Journal of Biophotonics

Cover image for Vol. 10 Issue 8

Early View (Online Version of Record published before inclusion in an issue)

Editor: Jürgen Popp

Impact Factor: 4.328

ISI Journal Citation Reports © Ranking: 2016: 10/92 (Optics); 12/77 (BIOCHEMICAL RESEARCH METHODS); 15/72 (Biophysics)

Online ISSN: 1864-0648

Associated Title(s): Laser & Photonics Reviews


    1. Enhanced volumetric imaging in 2-photon microscopy via acoustic lens beam shaping

      Simonluca Piazza, Paolo Bianchini, Colin Sheppard, Alberto Diaspro and Martí Duocastella

      Version of Record online: 25 JUL 2017 | DOI: 10.1002/jbio.201700050

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      A simple technique for fast volumetric imaging and enhanced signal-to-background (S/B) in 2-photon microscopy is presented. The approach uses an acoustic optofluidic lens to shape the excitation beam on a pixel-by-pixel basis. Control of the phase induced by the lens enables both fast axial focus scanning, for continuous volumetric imaging, and controlled aberrated imaging, suitable for background removal. The high temporal resolution and enhanced penetration depth capabilities of the method are demonstrated by imaging mouse brain tissue.

  2. Full Articles

    1. Imaging blood flow inside highly scattering media using ultrasound modulated optical tomography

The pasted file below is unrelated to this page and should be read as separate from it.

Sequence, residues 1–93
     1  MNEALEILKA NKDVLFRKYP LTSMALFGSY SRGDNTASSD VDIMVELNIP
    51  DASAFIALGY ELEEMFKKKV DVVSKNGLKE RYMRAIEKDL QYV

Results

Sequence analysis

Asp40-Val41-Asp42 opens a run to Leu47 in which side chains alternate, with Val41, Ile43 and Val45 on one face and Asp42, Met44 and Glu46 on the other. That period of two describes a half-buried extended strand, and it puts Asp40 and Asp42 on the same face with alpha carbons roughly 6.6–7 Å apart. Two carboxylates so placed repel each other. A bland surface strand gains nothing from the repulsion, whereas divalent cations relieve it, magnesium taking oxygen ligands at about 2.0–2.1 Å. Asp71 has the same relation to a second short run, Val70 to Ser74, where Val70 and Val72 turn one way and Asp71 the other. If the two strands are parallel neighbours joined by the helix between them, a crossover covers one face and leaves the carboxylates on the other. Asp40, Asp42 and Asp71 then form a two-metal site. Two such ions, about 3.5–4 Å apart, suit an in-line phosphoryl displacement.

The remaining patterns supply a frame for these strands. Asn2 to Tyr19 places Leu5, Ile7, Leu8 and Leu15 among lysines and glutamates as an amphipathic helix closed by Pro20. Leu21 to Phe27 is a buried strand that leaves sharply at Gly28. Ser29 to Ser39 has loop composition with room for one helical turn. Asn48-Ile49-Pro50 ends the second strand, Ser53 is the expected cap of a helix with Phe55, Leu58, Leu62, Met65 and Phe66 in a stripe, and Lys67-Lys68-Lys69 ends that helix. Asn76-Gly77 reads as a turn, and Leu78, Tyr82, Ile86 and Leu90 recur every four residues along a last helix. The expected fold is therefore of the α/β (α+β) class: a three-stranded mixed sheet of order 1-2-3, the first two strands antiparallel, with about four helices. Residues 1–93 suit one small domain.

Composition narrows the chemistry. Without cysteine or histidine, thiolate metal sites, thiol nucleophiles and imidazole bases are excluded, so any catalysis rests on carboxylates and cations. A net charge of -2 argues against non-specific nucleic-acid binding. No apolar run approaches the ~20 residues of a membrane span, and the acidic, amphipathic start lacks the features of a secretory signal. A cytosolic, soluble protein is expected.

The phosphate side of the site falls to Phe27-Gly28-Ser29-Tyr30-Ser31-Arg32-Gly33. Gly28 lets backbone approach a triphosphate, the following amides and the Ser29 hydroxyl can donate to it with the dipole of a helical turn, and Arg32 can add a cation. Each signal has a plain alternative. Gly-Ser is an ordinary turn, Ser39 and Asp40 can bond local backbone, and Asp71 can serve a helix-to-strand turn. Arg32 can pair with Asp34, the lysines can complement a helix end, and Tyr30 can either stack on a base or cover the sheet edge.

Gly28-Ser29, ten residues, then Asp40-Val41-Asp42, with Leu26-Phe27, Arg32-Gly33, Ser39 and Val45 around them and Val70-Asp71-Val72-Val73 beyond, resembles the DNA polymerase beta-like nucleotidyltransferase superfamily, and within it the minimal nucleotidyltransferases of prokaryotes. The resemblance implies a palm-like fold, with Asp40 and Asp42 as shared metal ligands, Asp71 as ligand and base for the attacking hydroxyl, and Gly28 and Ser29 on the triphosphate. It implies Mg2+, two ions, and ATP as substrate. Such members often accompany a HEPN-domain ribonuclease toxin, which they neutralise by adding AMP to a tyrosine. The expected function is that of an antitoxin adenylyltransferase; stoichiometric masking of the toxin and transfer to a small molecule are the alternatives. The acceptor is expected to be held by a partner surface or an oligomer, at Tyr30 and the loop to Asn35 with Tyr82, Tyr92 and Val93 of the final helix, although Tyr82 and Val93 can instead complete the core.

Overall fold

Altaf Hussain, Wiendelt Steenbergen and Ivo M. Vellekoop

      Version of Record online: 6 JUL 2017 | DOI: 10.1002/jbio.201700013

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      Sensitive, accurate and noninvasive method to measure blood flow is important to study biological processes such as local metabolism, pharmacodynamics, and stroke recovery. Optical methods of flowmetry possess these features, however the lack of spatial resolution with increasing depth due multiple scattering present challenge. Ultrasound modulated optical tomography (UOT), a hybrid of light and ultrasound combines the high sensitivity to blood flow (i. e. attribute of the optical techniques) and the spatial resolution (i. e. the attribute of ultrasound). The ability of UOT for depth resolved blood flow imaging is illustrated in the image above.

    2. Guiding cellular activity with polarized light

      Colin Constant, Andrea Bergano, Kiminobu Sugaya and Aristide Dogariu

      Version of Record online: 3 JUL 2017 | DOI: 10.1002/jbio.201600326

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      Polarized light can exert a force on dielectric materials causing them to align in the direction of polarization. We show here that the activity of the sub-cellular component, actin, responsible for cellular motion, is also affected by the action of polarized light. Using statistically robust methods for image analysis, we demonstrate that preferred actin motion is directed along the direction of light polarization, indicating possible control over motion of the entire cell.

    3. Towards the use of bioresorbable fibers in time-domain diffuse optics

      Laura Di Sieno, Nadia G. Boetti, Alberto Dalla Mora, Diego Pugliese, Andrea Farina, Sanathana Konugolu Venkata Sekar, Edoardo Ceci-Ginistrelli, Davide Janner, Antonio Pifferi and Daniel Milanese

      Version of Record online: 21 JUN 2017 | DOI: 10.1002/jbio.201600275